The Human Factor
Understanding man's place in the ethical universe.
Dec 21, 2009, Vol. 15, No. 14 • By DAWN EDEN
For example, in his only direct mention of abortion, he states that
All true, and certainly miles away from any kind of philosophizing we may expect from a White House bioethicist between now and 2013. But the point Meilaender is making--that abortion creates a culture of wantedness, where children's lives are valuable not intrinsically but only relatively, according to whether their parents want them--is universally valid. It need not be qualified by the implication that it applies more so to eugenic abortions. Every abortion "sets aside the fundamental bond of parents and children, inserting choice in the place of love and acceptance." Every abortion teaches us "that we must justify our continued existence, especially when we constitute a burden to others." For what is an "unwanted" child but a human life considered to be "a burden to others"?
I don't know why Meilaender fails to make this logical leap. Perhaps, sensitive to accusations that pro-lifers wish to impose upon others their religiously based belief in fetal personhood, he wishes to isolate his criticism of abortion in an area where there may be common ground. But if that is the case, such timidity is unwarranted, for the core of his argument is not that abortion violates the human dignity of the unborn. It is that abortion violates the human dignity of born children, by denying or relativizing their intrinsic value. This is a point that can be argued effectively purely through reason, and it is essential if we, as a society, are to accomplish what Meilaender rightly deems "our moral task . . . to seek to recognize the person who is there."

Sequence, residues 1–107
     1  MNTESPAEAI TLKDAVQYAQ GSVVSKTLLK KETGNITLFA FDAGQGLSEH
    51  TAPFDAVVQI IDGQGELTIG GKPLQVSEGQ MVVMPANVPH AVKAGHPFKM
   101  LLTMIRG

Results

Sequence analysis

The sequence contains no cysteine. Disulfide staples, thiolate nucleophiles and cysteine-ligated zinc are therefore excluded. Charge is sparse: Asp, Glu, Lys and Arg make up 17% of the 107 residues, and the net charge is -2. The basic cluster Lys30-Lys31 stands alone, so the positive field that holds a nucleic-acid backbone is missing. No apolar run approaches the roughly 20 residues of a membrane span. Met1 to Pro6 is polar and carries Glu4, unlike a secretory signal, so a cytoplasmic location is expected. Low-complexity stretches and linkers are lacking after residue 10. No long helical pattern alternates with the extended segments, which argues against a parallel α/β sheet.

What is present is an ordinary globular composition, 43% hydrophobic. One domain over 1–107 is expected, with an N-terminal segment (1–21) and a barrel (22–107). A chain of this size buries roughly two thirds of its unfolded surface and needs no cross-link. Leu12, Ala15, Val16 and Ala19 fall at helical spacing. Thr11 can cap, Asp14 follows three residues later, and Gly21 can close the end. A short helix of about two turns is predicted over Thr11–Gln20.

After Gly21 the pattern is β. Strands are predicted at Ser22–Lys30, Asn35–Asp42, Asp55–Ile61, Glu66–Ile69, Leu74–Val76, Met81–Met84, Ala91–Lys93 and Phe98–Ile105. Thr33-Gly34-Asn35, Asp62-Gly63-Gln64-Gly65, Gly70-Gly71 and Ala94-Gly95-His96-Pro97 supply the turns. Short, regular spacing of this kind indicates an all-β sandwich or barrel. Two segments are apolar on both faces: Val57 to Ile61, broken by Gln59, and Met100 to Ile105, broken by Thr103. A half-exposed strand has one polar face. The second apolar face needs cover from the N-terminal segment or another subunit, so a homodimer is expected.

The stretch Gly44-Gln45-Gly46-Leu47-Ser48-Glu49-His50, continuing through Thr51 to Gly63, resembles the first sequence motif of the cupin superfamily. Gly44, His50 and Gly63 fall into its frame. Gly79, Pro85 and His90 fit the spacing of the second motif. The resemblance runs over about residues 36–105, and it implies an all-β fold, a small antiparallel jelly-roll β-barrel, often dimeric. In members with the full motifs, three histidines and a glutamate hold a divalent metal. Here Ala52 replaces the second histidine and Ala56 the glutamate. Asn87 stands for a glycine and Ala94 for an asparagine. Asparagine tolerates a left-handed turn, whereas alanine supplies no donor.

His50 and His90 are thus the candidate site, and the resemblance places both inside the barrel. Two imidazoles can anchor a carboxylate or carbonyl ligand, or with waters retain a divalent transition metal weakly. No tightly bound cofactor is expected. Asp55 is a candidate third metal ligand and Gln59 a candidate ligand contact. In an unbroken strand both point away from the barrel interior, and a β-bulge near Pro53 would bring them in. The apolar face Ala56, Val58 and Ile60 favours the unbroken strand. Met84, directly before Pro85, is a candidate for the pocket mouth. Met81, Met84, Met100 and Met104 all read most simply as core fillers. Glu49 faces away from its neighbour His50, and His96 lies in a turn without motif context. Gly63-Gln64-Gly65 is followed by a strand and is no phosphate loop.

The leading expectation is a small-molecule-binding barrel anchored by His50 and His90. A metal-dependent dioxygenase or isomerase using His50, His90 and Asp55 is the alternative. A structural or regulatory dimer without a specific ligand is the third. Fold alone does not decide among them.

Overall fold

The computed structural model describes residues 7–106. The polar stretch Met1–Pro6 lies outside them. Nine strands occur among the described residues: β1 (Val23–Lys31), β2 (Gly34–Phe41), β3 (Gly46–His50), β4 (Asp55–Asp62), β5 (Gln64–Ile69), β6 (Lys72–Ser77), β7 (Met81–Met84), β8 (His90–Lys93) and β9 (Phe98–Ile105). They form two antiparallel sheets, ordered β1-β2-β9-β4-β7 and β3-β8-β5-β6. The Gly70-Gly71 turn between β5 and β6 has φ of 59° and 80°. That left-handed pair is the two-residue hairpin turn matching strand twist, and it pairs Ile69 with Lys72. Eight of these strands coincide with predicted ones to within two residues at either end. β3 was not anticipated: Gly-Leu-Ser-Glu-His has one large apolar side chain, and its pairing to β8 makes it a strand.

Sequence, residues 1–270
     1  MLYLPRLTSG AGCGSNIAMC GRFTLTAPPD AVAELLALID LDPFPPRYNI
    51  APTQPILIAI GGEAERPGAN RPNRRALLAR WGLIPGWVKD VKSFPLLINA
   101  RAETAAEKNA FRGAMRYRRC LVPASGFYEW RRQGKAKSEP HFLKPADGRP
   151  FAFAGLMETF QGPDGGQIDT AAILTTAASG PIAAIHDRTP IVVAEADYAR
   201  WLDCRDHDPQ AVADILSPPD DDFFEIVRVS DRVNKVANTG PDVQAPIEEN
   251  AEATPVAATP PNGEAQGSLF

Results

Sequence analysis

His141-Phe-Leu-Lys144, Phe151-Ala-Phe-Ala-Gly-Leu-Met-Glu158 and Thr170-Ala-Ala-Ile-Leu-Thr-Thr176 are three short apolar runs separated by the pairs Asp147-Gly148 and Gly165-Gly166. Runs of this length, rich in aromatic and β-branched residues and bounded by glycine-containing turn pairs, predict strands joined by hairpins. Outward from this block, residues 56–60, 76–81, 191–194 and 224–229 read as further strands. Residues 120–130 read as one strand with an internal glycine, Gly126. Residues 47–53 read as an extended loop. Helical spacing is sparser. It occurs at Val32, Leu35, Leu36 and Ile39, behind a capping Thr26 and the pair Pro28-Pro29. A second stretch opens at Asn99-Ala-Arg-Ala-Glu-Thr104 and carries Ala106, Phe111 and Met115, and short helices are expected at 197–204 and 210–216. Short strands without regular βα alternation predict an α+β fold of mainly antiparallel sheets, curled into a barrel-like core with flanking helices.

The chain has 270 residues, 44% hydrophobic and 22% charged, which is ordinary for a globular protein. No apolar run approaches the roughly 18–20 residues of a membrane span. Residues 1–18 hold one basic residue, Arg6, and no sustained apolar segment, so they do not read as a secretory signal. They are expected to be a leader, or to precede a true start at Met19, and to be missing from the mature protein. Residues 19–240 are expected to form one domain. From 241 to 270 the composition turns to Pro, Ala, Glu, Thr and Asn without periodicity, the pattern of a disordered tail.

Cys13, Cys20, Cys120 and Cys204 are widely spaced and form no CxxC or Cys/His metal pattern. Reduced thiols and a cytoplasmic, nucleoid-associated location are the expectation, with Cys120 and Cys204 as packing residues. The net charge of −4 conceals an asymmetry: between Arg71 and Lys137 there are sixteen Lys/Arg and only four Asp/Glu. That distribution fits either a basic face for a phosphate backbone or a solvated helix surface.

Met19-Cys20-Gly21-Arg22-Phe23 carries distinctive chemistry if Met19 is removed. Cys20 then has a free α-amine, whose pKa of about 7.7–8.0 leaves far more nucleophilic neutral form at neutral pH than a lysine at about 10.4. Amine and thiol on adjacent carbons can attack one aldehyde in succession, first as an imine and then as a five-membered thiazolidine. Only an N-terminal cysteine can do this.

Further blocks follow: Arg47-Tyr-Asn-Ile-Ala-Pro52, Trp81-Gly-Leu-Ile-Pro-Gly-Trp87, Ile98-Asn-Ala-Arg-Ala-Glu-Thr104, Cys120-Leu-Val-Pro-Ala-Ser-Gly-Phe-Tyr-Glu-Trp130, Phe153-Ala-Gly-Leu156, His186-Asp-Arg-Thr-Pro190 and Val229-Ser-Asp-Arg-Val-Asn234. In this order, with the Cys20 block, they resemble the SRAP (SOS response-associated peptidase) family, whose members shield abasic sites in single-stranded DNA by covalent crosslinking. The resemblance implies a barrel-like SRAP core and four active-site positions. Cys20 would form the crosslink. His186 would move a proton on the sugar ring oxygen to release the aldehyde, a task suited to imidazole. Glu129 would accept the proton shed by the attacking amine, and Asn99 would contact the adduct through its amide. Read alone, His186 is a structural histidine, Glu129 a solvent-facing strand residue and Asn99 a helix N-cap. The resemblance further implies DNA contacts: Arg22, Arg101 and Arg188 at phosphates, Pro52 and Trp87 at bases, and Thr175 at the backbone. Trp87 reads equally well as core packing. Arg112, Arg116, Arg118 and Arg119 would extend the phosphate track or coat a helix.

Abortion is not the only pressing human-dignity issue given relatively short shrift in this book that has human dignity as its subject; the death penalty likewise merits little more than a passing mention. Having covered both topics at length in other writings, Meilaender here opts to avoid black-and-white issues in favor of ones that enable him to distinguish between shades of gray. He casts an especially critical eye upon efforts to make man "more or less than human"--whether by creating perfect "designer babies," medicating away children's natural restlessness, or extending the maximum lifespan. Each of these modern obsessions reflects a need for us to "kindle or rekindle in ourselves a sense of wonder at our humanity, situated so precariously at the juncture of nature and spirit, body and soul."
Here, he has hit upon something vital, something that provides an answer to his wistful recognition that rational argument alone is insufficient to persuade others of the dignity of every human being. Arguments based upon natural phenomena can never capture the essence of a human being whose origin and fulfillment is supernatural. Meilaender knows this; indeed, he writes, "what an analysis of organic life taken alone does not enable us to see or say, a faith that seeks understanding may affirm." But he stops just short of the next step for the believer: The limits of rational argument are cause not for frustration but for the very gratitude Meilaender upholds. They force us into recognition of the needy aspect of our "needy freedom," without which we would never find our ultimate fulfillment.
In one sense, George and Rawls are not so far off: Those upholding Judeo-Christian values in a democratic society will always be required to explain God's reasons in light of man's reasons. But man's reasons are subject to alteration, just as his spirit is subject to conversion. In the age of Obama, more than ever, the power of the human-dignity advocate to change laws depends upon the efforts of the religious believer to change hearts.
Dawn Eden is the author of The Thrill of the Chaste: Finding Fulfillment While Keeping Your Clothes On.